February 10

The Alliance for Drone Innovation (ADI) released its Remote ID NPRM Guide for submitting comments to the Federal Aviation Administration (FAA). Over the last few weeks, we have seen more guides that aim to help drone pilots make sense of the new proposed regulations from the FAA for remote identification for drones. Many drone enthusiasts are concerned that the current proposed rules are too restrictive, costly, and an invasion of the drone pilot’s privacy.

ADI releases Remote ID NPRM Guide for submitting comments

The Alliance for Drone Innovation (ADI), whose members include first responders, drone racing leagues, model aircraft manufacturers, commercial drone service providers, and software developers, released its Remote ID NPRM Guide for submitting comments to the Federal Aviation Administration (FAA).

The Alliance for Drone Innovation supports the FAA’s initiative to implement Remote ID for drones, but is concerned about the redundant, overly strict, and costly approach the FAA proposed in the NPRM. As ADI prepares formal comments to submit to the FAA by its March 2, 2020 deadline, we wanted to highlight some of our top concerns, which anyone who is interested in drone innovation may also wish to consider as they prepare their own comments.

Comments should be submitted at the official Regulations.gov website prior to the March 2 deadline: https://www.regulations.gov/comment?D=FAA-2019-1100-0001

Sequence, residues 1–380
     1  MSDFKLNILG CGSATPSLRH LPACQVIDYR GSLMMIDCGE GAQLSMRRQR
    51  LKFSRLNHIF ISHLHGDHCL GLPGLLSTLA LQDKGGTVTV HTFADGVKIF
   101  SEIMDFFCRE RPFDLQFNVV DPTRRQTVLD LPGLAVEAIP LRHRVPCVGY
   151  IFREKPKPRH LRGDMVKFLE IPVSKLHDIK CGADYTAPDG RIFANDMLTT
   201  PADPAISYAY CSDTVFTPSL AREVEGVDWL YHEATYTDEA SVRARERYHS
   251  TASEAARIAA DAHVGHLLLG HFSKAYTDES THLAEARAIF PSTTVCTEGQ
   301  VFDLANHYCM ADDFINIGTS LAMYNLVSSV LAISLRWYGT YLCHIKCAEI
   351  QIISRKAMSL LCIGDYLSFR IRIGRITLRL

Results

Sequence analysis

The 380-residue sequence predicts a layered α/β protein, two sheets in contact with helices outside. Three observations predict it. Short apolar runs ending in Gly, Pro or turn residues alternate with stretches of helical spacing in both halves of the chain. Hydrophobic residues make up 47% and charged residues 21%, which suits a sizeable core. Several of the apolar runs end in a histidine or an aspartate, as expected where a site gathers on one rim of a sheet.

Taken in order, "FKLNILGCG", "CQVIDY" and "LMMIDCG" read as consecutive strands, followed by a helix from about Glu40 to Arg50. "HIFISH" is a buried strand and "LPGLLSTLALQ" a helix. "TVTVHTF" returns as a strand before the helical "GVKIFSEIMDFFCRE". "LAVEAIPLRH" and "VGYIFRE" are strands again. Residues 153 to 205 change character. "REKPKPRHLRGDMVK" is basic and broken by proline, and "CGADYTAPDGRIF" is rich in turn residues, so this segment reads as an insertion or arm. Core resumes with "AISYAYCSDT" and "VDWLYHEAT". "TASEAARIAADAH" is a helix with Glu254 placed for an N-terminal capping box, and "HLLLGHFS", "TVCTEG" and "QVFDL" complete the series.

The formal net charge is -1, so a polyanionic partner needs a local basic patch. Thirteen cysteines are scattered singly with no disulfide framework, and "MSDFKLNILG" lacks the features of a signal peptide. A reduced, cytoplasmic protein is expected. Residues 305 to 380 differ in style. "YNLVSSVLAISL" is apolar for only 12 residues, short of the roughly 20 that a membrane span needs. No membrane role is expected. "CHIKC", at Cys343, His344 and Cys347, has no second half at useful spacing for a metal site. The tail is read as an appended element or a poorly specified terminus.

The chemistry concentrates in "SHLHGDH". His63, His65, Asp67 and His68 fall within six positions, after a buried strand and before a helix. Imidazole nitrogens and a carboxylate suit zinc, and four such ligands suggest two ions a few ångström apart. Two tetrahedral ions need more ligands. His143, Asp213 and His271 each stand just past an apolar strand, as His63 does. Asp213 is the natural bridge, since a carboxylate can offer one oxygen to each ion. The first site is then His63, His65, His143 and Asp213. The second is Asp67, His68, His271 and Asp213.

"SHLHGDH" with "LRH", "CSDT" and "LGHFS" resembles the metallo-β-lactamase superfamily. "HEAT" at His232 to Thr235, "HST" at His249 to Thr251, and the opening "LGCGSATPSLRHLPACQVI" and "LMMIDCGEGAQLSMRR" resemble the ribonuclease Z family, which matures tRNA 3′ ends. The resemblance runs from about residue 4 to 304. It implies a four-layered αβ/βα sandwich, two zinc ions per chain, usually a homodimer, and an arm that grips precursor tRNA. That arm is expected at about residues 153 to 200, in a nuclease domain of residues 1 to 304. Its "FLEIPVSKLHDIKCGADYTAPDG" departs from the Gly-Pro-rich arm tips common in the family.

ADI encourages everyone in the drone community to take this limited but crucial opportunity to comment thoughtfully on the FAA proposal, focusing on the aspects that impact you specifically. If you share our concerns, use them in your own comments, but we suggest taking the time to draft your own perspective, explaining the proposal’s impact on you in your own words.

You can view and download the ADI Remote ID NPRM Guide here.

DroneDJ’s take

DroneDJ is pro Remote ID for drones, but not in the way it is currently proposed by the Department of Transportation and the FAA. The FAA’s NPRM for Remote ID for drones is overly restrictive, expensive, and invades the privacy of the drone pilot.

If you want to learn more about the FAA’s NPRM for Remote ID for drones, be sure to read these articles here as well as this Drone Advocacy Kit that has been developed by Drone U and FPV FC.

And lastly, please be sure to submit your own original comments to the FAA on the Federal Register’s website. Explain to them how these new rules negatively impact your drone hobby and/or drone business before or on March 2, 2020, at the latest!

What do you think about the ADI Remote ID NPRM Guide? Let us know in the comments below.

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